Dr. Ben Carson, a retired world-renowned pediatric neurosurgeon at Johns Hopkins Hospital in Baltimore, Md., has taken the first step toward launching a possible 2016 presidential campaign.
Last Friday, the 62-year-old Republican announced that he is forming a political action committee under the name of One Nation which will act as a tool to provide campaign funding for Carson and other like-minded congressional candidates. Carson selected Houston business tycoon Terry Giles to run the PAC. Giles could be his campaign manager should he decide to run.
In an Monday interview with The Christian Post, Dr. Todd Eberly, associate professor of political science and public policy at St. Mary's College in Maryland, said that technology has made it easier to gain political support.
"Keep in mind that we live in an era where it is incredibly easy for even a small group of very committed activists to create what I'll call quote a political movement," he said. "It doesn't take much to establish a website. It doesn't take much to establish email list, Facebook page. Just because someone has a group of folks encouraging them to run, it is very difficult until votes are cast to determine just how deep that level of support really goes."
Carson told the Washington Times that his decision to run for president will depend largely on how the balance of power sits after the 2014 congressional elections. One Nation has already endorsed a handful of Senate hopefuls including Tea Party candidate Chris McDaniel who lost to U.S. Sen.Thad Cochran in the Mississippi Republican primary. On Monday, McDaniel announced he will challenge the results of that election.
Carson quickly became a darling in the eye of many conservatives after giving a passionate speech at the 2013 National Prayer Breakfast where he threw political correctness out the window and heavily criticized the taxation, debt and healthcare policies of President Barack Obama, while standing at the podium five feet from where Obama was sitting.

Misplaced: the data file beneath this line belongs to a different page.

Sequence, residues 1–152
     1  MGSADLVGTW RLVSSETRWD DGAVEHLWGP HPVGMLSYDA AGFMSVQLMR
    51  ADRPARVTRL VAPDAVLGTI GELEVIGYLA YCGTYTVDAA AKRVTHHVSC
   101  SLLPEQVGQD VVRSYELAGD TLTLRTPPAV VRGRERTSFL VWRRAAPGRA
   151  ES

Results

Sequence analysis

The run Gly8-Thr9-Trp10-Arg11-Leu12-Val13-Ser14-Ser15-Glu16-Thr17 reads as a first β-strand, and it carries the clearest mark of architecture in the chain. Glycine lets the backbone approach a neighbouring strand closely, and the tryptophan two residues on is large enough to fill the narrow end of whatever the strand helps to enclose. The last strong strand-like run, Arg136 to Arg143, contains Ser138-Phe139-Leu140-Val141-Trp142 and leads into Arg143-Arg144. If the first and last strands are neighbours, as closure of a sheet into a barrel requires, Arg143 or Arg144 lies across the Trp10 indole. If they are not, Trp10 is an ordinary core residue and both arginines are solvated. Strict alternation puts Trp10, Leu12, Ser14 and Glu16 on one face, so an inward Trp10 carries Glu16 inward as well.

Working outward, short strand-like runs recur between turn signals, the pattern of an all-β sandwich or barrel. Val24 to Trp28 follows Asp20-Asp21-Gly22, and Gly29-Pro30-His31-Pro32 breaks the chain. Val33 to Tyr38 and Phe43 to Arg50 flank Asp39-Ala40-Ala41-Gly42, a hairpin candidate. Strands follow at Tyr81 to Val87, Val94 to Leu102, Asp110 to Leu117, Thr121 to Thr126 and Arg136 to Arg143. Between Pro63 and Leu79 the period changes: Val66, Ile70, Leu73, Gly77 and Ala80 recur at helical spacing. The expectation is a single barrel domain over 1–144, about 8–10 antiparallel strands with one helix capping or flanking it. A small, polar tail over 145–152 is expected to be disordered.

Because of his comments made on a national stage, he has gained more political support than your average neurosurgeon. Before the announcement of his PAC, Carson had group of supporters who created The National Draft Ben Carson For President Committee which can be found at RunBenRun.org.
Although Carson has no political experience, Eberly says that could end up being a big selling point for him. Some voters will find him appealing since he is fresh and untainted by the American political system.
"Some people are convinced whether you be conservative or Democrat, once you are into the system you are sort of indoctrinated by it," Eberly said. "Whatever principals or whatever you may have had get cast by the wayside. So the idea of somebody completely removed from the system is actually very attractive to some folks."
One thing that Carson will have to address in his potential election are comments he made to Glenn Beck on his radio show regarding gun control. Carson made the comment that people should not be allowed to own semi-automatic weapons in the inner cities. That stance is vastly different from that of your average conservative who believes strongly in second amendment rights.
Although Carson largely believes in gun rights, having made a comment that different from his party's norm on a popular radio show will not be forgotten in the eyes of political opponents who will use it to his disadvantage.
"There is a contingent that would argue that the second amendment is the second amendment whether you live in rural America or the inner city," Eberly said. "He would probably face some pretty tough questioning over that."
It is too early into the 2016 election cycle to tell what kind of support Carson might receive once primary season arrives. However, Eberly said that Carson's candidacy is not unlike the other non-politicians that have run in the GOP in the past.
Former presidential hopefuls like Herman Cain in 2012 and Pat Robertson in 1988 should serve as good measuring sticks for how well Carson will fare having no political experience. Cain received just over 13,000 votes in 2012, while Robertson received over just over one million votes in 1988 garnering 9.02 percent.